Jump to content

ClassicFlyTying.com Sponsors
Hand Made Salmon Hooks
Ronn Lucas, Sr.
www.ronnlucassr.com
(503)654-0466
[email protected]

Photo

What should I tie for my first classic?


  • Please log in to reply
9 replies to this topic

#1 Pelpaaa

Pelpaaa

    Newbie

  • Members
  • Pip
  • 2 posts

Posted 06 February 2019 - 02:48 AM

Forgive me if this question has been asked as Im sure it has before. I would like some advice on what first fly I should tie. I am blow by the sheer beauty of the stunning flys on here,I need to learn. Where would be the best place to start?

#2 arkle

arkle

    arkle

  • Members
  • PipPipPip
  • 4,451 posts

Posted 06 February 2019 - 08:01 AM

A lot depends on what hooks & materials you have in  stock at the moment, as the choice of these is almost as wide as the choice of flies. Generally the "old school" of thought, is to try & tie parts of the fly on reducing sizes of hook until they emulate what the style of a particular style of fly needs, before going onto the next stage, i.e. learn to tie the tip, tag, tail & then the butt, then when you're happy with them learn to tie a ribbed floss body.  after that a dubbed body in a single colour before going onto a multiple sectin dubbed body. etc. Ideally if you can post photo's of how you think you're proggressing, then we can see how your skills develop & help you along the way.

 

You don't say if you have any experience of tying or not, again if you have & can show us some photo's we can see which area's you may need help in & advise accordingly. There are some very good books available & also some top class videos, epecially from people like Davy McPhail, that are exactly the sort of one's I'd recomend you look at.

 

"By the inch, it's a synch, by the yard, it's damn hard & by the mile, it's vile" so take all it in easy stages & you'll have fun along the way as your skill set improves.



#3 Pelpaaa

Pelpaaa

    Newbie

  • Members
  • Pip
  • 2 posts

Posted 06 February 2019 - 04:24 PM

Thank you for the reply. I watched a YouTube on Silver Doctor by Nick Mango last night and Tied up with what I had around. I need some present crests, coloured Turkey and the small feather that goes over the tail of the crests. I have most of the other materials. I only had 70 denier Danville, broke the thread a couple of time last night. What thread size is recommended?

Attached Files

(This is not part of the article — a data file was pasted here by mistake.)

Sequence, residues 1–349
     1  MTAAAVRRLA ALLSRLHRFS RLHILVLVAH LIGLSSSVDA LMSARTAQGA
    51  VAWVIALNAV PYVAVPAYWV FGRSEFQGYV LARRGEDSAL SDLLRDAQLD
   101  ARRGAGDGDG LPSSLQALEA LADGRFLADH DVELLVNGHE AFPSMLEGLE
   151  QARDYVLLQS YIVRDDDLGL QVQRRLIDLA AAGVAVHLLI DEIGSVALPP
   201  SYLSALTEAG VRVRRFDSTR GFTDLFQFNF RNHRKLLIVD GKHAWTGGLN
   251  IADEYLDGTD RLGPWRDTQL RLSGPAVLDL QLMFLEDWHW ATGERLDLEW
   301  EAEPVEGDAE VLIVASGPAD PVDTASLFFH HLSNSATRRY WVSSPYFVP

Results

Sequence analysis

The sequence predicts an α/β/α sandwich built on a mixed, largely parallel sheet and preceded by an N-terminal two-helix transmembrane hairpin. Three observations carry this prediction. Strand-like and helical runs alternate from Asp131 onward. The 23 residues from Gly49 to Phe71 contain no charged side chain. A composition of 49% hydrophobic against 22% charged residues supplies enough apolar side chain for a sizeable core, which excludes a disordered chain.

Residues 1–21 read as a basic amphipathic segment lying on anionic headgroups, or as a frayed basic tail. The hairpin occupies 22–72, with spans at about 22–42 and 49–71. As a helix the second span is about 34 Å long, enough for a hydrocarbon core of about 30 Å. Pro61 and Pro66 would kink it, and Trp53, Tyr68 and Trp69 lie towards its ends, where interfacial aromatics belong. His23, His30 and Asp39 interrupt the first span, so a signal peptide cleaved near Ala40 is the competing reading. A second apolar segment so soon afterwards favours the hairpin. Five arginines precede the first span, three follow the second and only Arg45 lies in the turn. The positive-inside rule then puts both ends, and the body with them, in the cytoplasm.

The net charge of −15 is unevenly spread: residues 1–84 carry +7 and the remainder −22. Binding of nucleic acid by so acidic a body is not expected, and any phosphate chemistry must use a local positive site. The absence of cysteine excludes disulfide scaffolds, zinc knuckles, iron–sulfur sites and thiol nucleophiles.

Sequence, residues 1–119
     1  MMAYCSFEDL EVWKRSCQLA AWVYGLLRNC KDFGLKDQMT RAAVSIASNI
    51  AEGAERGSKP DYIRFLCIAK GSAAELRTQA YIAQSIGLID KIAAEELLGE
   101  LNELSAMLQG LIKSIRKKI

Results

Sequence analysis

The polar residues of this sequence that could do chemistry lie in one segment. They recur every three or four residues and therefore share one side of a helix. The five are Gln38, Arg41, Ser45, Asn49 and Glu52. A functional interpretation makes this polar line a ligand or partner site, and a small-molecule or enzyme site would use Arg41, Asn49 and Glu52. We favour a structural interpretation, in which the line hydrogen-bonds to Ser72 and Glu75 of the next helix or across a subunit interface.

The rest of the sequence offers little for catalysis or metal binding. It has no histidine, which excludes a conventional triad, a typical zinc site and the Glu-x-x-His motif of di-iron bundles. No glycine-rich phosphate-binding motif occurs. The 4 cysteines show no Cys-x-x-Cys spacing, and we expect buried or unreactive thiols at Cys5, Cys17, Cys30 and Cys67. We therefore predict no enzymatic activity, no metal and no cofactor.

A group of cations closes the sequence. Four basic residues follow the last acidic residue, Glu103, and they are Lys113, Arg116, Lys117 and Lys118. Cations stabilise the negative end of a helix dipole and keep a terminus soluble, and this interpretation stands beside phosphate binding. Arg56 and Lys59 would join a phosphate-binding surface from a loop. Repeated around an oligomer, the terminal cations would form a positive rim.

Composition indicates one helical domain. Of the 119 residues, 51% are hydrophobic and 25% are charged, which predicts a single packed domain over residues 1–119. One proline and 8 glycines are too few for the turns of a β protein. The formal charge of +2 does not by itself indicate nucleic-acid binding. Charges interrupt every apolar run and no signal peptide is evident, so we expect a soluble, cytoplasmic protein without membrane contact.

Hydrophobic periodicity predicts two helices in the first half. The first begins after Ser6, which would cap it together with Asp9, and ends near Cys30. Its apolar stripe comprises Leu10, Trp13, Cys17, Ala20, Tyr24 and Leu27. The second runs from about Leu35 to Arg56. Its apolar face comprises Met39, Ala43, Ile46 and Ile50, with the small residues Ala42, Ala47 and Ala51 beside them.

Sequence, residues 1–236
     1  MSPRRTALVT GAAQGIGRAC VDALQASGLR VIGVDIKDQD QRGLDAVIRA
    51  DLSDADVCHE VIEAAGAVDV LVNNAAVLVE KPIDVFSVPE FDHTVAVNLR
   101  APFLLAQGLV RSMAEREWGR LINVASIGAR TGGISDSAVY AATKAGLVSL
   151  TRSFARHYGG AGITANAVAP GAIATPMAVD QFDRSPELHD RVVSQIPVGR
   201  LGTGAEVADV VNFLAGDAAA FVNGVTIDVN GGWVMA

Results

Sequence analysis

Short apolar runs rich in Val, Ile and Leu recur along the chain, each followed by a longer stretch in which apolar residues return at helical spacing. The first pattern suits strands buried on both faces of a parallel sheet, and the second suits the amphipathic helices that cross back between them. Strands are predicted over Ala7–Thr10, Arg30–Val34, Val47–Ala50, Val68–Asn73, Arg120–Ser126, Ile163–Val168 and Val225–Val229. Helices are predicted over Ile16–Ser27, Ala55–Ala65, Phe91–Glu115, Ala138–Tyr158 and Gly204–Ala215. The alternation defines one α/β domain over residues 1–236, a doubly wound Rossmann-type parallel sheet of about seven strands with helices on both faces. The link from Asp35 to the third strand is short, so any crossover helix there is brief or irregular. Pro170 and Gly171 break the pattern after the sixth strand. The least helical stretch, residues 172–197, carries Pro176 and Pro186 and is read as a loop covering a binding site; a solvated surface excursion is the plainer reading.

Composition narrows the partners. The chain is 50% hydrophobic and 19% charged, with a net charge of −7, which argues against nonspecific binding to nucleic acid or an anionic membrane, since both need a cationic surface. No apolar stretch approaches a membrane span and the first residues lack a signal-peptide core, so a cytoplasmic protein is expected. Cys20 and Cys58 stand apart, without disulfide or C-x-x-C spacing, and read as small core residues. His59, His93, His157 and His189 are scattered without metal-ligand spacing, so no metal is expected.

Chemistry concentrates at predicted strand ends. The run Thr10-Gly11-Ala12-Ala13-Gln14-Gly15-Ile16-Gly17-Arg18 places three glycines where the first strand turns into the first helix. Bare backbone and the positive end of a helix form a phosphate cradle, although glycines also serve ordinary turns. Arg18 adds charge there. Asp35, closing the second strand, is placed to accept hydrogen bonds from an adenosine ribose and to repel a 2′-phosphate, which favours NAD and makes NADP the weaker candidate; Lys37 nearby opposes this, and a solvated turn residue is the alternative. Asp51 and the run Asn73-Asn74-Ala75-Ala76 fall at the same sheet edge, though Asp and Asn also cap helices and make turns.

#4 Troutmaddave

Troutmaddave

    Advanced Member

  • Members
  • PipPipPip
  • 855 posts

Posted 06 February 2019 - 07:24 PM

Use the search and look for my early efforts. Search for tip/tag.

#5 jgogg

jgogg

    Jim Goggans

  • Members
  • PipPipPip
  • 1,159 posts

Posted 06 February 2019 - 08:00 PM

I use UTC thread that is pretty heavy.  It is pretty near unbreakable.  But, the UTC70 is also pretty nearly unbreakable as well and is more typically sized for salmon fly tying..  For that matter, Semperfli Nano is hard to break.  I use that as well, for heads.  Both are widely available.  Keep in mind, however, that for traditional flies tied with traditional materials, it would be Pearsall's  gossamer silk you should seek.  Unfortunately, that also takes finesse to avoid breaking.


Darwin award winner of flytying

#6 Bud Guidry

Bud Guidry

    Ragin Cajun

  • Administrators
  • PipPipPip
  • 13,405 posts

Posted 12 February 2019 - 12:37 AM

Arkle said it well

RAmidbuck.GIF
MY FLY PATTERN DATABASE

 

FOUNDER AND PRESIDENT OF THE OFFICIAL CLASSICS PAGE SLACKERS CLUB
HONORARY WINNER OF THE 2011 BIGGEST SLACKER AWARD

http://flyfishline.com/art_gallery2.php

My mind belongs to this forum
My heart belongs to my family
My soul belongs to my flies


#7 Gordon van der Spuy

Gordon van der Spuy

    Advanced Member

  • Members
  • PipPipPip
  • 514 posts

Posted 14 February 2019 - 06:42 AM

Tie a Kelsons Green Highlander. Doesn't require weird and wonderful materials yet teaches the fundamentals of classic tying perfectly

Attached Files



#8 Gordeaux

Gordeaux

    Advanced Member

  • Members
  • PipPipPip
  • 1,849 posts

Posted 26 March 2019 - 05:00 PM

I almost always pick a Ranger pattern to work with a person as a first salmon fly.  The seal fur body will cover a lot of sins under it.  A fly with a silk body is much more difficult for a beginner.  Much more care is needed to make for a smooth silk body.  Start with an easy one to build your confidence before attacking a more difficult pattern.  In other words don't let a Jock Scott your first fly.  That is  my opinion on this subject.  Start easy and you will find it much  easier on the wallet.  Salmon material is not cheap!



#9 Herlhead

Herlhead

    Advanced Member

  • Members
  • PipPipPip
  • 50 posts

Posted Yesterday, 09:09 AM

Ranger. No doubt.



#10 ted patlen

ted patlen

    marstons mills, massachusetts....cape cod

  • Members
  • PipPipPip
  • 3,088 posts

Posted Yesterday, 01:18 PM

You do not have to be so precise in the dressing when first attempting to dress these flies.  Material knowledge takes a rather long time.  That is, learning what is usable, not just what is high quality.   

 

But learning the hand skills to make them can be done using just about any standard materials.  practice and practice and practice.